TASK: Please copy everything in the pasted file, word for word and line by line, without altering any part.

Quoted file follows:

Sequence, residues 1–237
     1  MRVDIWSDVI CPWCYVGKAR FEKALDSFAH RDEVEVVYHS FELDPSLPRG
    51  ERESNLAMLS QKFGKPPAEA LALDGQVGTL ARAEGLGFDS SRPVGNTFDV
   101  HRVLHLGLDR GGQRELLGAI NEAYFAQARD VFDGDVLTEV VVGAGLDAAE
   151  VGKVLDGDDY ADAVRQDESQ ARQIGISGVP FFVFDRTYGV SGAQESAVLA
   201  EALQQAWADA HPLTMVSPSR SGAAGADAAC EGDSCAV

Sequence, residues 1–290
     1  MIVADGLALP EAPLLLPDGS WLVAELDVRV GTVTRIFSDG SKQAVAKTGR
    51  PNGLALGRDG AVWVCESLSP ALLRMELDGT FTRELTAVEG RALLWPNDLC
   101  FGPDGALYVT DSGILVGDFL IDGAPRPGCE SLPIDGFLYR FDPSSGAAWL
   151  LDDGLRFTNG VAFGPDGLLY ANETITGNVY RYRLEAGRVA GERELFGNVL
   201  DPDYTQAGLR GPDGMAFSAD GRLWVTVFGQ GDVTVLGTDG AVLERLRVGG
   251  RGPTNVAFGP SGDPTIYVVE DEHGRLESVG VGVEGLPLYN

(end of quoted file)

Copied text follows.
Sequence, residues 1–237
     1  MRVDIWSDVI CPWCYVGKAR FEKALDSFAH RDEVEVVYHS FELDPSLPRG
    51  ERESNLAMLS QKFGKPPAEA LALDGQVGTL ARAEGLGFDS SRPVGNTFDV
   101  HRVLHLGLDR GGQRELLGAI NEAYFAQARD VFDGDVLTEV VVGAGLDAAE
   151  VGKVLDGDDY ADAVRQDESQ ARQIGISGVP FFVFDRTYGV SGAQESAVLA
   201  EALQQAWADA HPLTMVSPSR SGAAGADAAC EGDSCAV

Sequence, residues 1–290
     1  MIVADGLALP EAPLLLPDGS WLVAELDVRV GTVTRIFSDG SKQAVAKTGR
    51  PNGLALGRDG AVWVCESLSP ALLRMELDGT FTRELTAVEG RALLWPNDLC
   101  FGPDGALYVT DSGILVGDFL IDGAPRPGCE SLPIDGFLYR FDPSSGAAWL
   151  LDDGLRFTNG VAFGPDGLLY ANETITGNVY RYRLEAGRVA GERELFGNVL
   201  DPDYTQAGLR GPDGMAFSAD GRLWVTVFGQ GDVTVLGTDG AVLERLRVGG
   251  RGPTNVAFGP SGDPTIYVVE DEHGRLESVG VGVEGLPLYN